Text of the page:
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Carbon Clean Solutions leads the way in innovative carbon capture technology

World Coal,

Carbon Clean Solutions (CCS) has announced the signing of an agreement with TNO (Dutch Organisation for Applied Scientific Research) to test its revolutionary PCCMax® carbon dioxide capture technology for coal based power plants.

The testing facility, located at Maasvlakte in the Netherlands, captures 6 tpd of CO2 from a slip stream of flue gas from the adjoining coal fired plant, containing 11-14% CO2. CCS will test its proprietary APBS class of chemical solvents, which forms the backbone of the PCCMax® technology developed specifically for treating flue gases from coal fired power plants. Planned continuous testing will validate the technology for long-term use when used for capturing carbon dioxide from emissions of coal fired power plants.

Superior performance

“We want to test and prove that the solvent’s superior performance, long term stability in terms of degradation and corrosion, and best-in-class solvent management in terms of chemical emissions and efficiency”, said Prateek Bumb, Chief Technical Officer of CCS.

Innovative carbon uses

The technology leader in developing carbon dioxide capture technology also announced that it has been selected for Phase 2 of Climate Change and Emissions Management Corporation’s (CCEMC’s) CAD$ 35 million Grand Challenge for innovative carbon uses. CCS was invited to progress to the next round of the competition, for its proposal to convert CO2 into high value ‘cyclic carbonates’.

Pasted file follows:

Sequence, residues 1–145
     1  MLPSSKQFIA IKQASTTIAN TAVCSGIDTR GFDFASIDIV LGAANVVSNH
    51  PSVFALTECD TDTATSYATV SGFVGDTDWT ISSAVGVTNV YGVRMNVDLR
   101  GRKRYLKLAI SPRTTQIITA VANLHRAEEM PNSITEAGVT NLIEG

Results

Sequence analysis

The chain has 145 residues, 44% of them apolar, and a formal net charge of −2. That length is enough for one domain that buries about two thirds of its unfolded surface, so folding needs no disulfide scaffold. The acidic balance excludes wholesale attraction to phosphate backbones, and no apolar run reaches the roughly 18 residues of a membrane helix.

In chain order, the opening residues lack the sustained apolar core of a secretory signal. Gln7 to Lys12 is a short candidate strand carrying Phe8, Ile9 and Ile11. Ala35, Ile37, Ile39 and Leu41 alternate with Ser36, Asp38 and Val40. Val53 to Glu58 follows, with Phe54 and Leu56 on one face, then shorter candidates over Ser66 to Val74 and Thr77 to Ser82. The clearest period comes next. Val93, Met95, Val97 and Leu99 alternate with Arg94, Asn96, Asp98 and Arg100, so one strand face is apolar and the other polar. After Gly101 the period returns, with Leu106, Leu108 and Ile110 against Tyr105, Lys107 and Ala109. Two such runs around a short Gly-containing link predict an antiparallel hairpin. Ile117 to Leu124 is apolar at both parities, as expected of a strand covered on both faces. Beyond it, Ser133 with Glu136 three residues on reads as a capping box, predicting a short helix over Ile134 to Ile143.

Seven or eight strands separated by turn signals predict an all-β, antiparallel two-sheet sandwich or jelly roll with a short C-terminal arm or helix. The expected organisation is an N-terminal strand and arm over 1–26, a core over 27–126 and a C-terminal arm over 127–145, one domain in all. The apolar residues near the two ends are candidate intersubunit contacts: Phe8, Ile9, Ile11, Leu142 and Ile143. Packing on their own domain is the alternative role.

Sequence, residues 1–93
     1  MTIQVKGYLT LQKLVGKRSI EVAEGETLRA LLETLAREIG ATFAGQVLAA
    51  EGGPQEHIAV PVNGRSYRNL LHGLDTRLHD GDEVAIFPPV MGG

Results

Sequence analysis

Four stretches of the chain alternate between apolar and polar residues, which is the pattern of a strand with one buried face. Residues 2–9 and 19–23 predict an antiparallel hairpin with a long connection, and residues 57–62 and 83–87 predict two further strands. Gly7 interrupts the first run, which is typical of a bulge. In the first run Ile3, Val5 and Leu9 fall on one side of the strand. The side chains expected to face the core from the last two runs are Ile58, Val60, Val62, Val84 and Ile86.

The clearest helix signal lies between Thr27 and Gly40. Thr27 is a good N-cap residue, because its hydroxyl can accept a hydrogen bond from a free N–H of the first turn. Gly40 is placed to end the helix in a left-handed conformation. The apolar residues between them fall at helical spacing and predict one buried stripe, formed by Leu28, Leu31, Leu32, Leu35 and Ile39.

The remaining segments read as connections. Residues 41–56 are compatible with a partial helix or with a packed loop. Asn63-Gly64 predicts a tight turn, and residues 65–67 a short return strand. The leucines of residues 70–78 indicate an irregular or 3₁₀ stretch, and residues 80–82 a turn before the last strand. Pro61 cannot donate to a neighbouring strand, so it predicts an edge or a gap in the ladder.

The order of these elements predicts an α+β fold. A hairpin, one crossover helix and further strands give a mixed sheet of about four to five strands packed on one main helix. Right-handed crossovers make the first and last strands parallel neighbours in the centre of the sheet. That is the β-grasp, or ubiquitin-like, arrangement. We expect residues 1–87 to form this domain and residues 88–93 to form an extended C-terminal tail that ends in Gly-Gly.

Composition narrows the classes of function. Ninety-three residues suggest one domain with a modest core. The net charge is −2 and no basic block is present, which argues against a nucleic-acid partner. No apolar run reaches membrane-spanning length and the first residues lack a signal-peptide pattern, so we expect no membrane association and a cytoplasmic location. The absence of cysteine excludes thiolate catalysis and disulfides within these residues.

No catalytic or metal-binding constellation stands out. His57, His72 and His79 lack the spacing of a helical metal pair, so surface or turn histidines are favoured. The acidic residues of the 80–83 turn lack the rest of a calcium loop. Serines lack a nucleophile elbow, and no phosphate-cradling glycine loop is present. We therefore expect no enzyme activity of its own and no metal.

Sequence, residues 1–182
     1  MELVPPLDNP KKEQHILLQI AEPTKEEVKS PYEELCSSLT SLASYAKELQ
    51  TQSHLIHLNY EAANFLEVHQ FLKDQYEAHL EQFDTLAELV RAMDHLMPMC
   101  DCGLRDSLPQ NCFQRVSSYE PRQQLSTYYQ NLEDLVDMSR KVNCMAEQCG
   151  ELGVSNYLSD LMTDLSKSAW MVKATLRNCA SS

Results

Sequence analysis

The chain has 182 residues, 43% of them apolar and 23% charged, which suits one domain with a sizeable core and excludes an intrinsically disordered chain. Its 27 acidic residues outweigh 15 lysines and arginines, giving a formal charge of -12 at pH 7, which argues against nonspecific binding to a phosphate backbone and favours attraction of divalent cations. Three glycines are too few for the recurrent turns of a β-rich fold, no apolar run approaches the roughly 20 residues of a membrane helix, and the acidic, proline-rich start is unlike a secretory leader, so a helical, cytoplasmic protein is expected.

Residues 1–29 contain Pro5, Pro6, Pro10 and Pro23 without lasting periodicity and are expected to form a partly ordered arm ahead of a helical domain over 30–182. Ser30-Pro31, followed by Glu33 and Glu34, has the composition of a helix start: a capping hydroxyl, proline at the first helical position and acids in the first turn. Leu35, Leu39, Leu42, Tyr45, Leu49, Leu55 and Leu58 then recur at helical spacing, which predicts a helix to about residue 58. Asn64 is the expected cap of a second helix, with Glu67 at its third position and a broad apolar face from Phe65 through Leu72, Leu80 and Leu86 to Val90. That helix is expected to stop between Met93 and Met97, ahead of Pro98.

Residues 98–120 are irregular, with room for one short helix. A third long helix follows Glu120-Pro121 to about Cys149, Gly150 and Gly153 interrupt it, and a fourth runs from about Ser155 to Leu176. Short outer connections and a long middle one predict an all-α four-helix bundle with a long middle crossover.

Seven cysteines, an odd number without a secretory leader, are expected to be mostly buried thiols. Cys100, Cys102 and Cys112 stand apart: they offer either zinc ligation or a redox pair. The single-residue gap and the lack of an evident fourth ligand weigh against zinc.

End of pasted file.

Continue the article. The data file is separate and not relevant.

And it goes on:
The CCEMC Grand Challenge received 344 submissions from 37 countries, of which only 20 will be judged winners after Phase 2.

“With this project, CCS would like to demonstrate the efficient conversion of green house gases to innovative, high value products while achieving the net reduction target of green house gases in a cost-effective manner”, explained Prateek Bumb.

Use of cyclic carbonates

Cyclic carbonates are extensively used polymer products for a number of engineering purposes. They find their key application in lithium-ion batteries to ensure their reliable operation and durability. Cyclic carbonates also have a potential use in the manufacture of a new class of efficient anti-knocking agents in petrol.

Further information about the CCEMC’s Grand Challenge can be found here:


Edited from various sources by Katie Woodward

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